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A financial plan for your home

Posted January 16, 2013 in Advice Column, Ankeny

Your home is probably your biggest investment. To manage it, create a financial plan that takes into account repairs, upgrades, mortgages, insurance and taxes.

Do you pay each home-related expense as it comes? If so, you’re missing opportunities for upgrades, or much worse, heading into a financial crisis when a slew of surprise maintenance items hit. So take a holistic look at what it costs to operate your house and set up a home financial plan.

Use a home financial plan budget worksheet, and start by writing a list of expenses, such as:
•    Mortgage
•    Taxes
•    Home insurance, including liability
•    Repairs and maintenance, such as new furnace, roof, painting
•    Voluntary upgrades, such as a swimming pool, a premium range, a new powder room

What will you learn from this home financial plan weekend exercise?

How much you have to spend.

How much you need to allot in the short- and long-term for necessary maintenance and voluntary improvements.

With this newfound grip on your home’s expenses, you can create a home financial plan that’ll help you there for years with maximum enjoyment and minimum anxiety.

Here’s how to manage one aspect of your home finances — insurance.

Your vegetable garden is pointless without a fence to keep out rabbits; likewise, your home financial plan will come to nothing without an insurance “fence:”
•    Homeowner’s insurance.Basic coverage for your home and everything in it. The average cost is $636 per year but this varies widely by state.
•    Liability coverage. Protects you from a lawsuit if someone gets hurt on your property, for example. Your best bet: An umbrella policy. For about $300 a year you can by a typical $1 million policy.
•    Various disaster insurance policies. Optional policies cover flood, earthquake and hurricane damage. As part of your home financial plan, you have to research to see what disaster coverage, if any, you need in your area, and what your standard policy already covers. For $540 a year you can buy flood insurance, for example.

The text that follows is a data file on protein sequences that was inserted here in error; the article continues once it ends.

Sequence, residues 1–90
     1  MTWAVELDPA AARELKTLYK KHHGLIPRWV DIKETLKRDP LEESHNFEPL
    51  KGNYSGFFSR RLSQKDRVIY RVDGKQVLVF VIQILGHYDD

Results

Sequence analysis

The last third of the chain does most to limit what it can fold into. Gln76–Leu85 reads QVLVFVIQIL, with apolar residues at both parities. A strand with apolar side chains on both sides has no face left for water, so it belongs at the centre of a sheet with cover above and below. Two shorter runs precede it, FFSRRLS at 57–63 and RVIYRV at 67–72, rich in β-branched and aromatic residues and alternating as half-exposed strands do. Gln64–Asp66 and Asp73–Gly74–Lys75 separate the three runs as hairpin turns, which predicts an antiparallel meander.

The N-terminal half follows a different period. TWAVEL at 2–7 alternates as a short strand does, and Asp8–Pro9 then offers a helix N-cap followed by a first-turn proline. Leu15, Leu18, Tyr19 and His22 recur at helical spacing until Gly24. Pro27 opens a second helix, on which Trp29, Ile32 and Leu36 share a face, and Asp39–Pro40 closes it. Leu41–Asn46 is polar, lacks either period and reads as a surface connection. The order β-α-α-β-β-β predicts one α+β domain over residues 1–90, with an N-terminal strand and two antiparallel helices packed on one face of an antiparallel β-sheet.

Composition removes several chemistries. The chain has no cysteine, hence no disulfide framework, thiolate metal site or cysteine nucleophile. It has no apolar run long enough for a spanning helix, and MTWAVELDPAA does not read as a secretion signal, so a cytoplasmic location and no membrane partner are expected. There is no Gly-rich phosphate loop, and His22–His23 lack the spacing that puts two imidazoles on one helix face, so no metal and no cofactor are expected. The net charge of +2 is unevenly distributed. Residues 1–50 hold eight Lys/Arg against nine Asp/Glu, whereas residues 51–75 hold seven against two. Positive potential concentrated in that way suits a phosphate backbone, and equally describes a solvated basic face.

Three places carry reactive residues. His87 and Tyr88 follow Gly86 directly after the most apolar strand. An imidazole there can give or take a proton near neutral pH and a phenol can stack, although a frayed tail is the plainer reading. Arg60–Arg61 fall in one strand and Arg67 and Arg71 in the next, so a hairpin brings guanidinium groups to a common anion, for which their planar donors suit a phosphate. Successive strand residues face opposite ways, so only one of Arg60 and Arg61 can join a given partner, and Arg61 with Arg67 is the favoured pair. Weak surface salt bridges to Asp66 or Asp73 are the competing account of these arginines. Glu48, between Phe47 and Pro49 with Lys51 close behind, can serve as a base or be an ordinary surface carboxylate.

Don’t under- or overbuy insurance
For your basic policy, get homeowners insurance with full replacement coverage in case your house burns to the ground.

That sounds simple, but heads up on calculation. Remember that you own a house as well as the land on which it sits. So even though you bought your home for $300,000, it may cost only $100,000 to rebuild it. Your policy limits should reflect this. This difference will vary widely by region.

Other ways to cut your insurance budget:
•    If you make structural improvements, such as adding storm shutters, your insurer may give you a break.
•    If you belong to certain groups, such as AARP or veterans’ organizations, your premiums may be lower.

Information from houselogic.com, provided by Bonnie Christensen, broker, ReMax Opportunities, 1810 S.W. White Birch Circle, Suite 104, Ankeny, 971-9973.





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